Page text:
And in a way, I see this play as a way of finishing that work. That if I get this part, it will be good for me now, to give me something to do — something that I love to do, I’ll be getting back on the stage again — but it’ll be the final step in the healing. Verbalizing the last of the anger (albeit in a proxy sort of way) and then I can move on.

I don’t know if I’ll get the part, I have no idea. But I didn’t even try for the last one, and regretted it for months. So no more regrets.

Put yourself out on a limb, Jackie.

2010 was…

December 29, 2010
  • Heartbreaking. A dear friend of mine killed himself, and his memory still haunts me. There are days that go by that I don’t think of Paul. But rarely a full week. His death broke my friends. His death changed me. His death colours so much of the lens through which I look at the north. Nothing will ever be the same.
  • A rebirth. I finally started to take back my self. Unwrap the things I’d tucked away and put on hold. I rediscovered my passions.
  • Lonely. For months I sat alone in my apartment. Scared of taking the first step in a new place. The first step is always the hardest. Once you put one foot in front of the other, you have to propel forward. That momentum is key.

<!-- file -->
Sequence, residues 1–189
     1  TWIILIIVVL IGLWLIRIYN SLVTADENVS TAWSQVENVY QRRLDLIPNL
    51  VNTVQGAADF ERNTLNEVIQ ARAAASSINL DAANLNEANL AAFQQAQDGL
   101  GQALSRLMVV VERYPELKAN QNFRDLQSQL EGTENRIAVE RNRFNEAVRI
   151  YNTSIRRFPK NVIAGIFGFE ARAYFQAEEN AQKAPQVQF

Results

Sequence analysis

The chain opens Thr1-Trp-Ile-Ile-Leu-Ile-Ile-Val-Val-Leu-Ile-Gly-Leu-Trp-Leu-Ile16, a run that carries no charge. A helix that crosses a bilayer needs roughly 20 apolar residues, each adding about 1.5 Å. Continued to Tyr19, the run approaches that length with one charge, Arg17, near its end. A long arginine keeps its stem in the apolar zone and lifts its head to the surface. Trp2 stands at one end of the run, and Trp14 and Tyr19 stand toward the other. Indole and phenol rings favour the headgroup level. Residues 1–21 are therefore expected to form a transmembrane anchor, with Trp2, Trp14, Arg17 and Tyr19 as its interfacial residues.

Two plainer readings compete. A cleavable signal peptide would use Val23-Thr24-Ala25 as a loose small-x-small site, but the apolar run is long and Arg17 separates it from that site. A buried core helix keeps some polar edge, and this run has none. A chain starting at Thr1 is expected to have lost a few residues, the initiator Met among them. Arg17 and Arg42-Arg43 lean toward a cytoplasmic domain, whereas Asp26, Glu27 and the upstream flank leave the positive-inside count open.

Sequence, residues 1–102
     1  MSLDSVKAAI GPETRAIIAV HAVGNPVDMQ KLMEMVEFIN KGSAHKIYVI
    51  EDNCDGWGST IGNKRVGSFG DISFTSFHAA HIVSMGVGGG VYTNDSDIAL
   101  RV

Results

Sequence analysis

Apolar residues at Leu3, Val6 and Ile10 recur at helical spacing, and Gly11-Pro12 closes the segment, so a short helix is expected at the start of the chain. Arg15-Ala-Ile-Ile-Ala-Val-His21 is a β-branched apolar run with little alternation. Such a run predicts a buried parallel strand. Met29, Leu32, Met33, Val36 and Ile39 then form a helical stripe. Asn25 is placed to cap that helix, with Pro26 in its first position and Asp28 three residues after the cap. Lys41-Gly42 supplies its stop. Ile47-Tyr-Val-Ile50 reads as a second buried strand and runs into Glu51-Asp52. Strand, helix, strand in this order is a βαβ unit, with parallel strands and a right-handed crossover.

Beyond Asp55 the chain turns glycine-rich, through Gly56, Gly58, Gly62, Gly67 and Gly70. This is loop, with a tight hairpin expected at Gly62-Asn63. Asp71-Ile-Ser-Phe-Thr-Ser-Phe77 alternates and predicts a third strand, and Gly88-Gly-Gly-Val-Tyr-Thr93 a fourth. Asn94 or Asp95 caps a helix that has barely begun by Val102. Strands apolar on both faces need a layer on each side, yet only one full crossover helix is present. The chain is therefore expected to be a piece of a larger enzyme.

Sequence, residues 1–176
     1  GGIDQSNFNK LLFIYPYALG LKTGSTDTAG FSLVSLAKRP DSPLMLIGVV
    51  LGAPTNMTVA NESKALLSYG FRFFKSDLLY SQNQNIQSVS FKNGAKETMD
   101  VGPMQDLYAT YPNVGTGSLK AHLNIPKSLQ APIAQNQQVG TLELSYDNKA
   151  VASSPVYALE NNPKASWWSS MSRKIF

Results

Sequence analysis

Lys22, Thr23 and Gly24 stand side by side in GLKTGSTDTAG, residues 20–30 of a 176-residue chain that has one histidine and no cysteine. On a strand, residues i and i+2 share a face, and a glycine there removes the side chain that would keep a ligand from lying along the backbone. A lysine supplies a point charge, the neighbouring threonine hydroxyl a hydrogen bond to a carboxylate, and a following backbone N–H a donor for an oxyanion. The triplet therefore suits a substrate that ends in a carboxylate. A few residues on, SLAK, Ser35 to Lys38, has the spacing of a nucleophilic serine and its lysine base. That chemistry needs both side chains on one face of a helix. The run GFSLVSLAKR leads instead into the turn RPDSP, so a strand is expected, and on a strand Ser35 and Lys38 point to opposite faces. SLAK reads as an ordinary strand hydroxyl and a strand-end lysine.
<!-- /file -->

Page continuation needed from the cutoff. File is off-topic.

• Breaking new ground. I became a runner. For two seasons, at least. I broke the mold I never thought I could change. I went from struggling to run two minutes at a time to running 7 miles – 11 KILOMETERS – in one morning.
  • Discouraging. While I’ve never defined myself by the people I date, 2010 was noticeably void of any sort of romance. I got used to the dull feeling of being void of feeling. I got a glimpse of it once, but it flickered out before I could get a good look.
  • A springboard. 2010 was a year when I had to set my own rules and decide who and what I want to be. I hope I’m heading down the right path.

Little notes

November 17, 2010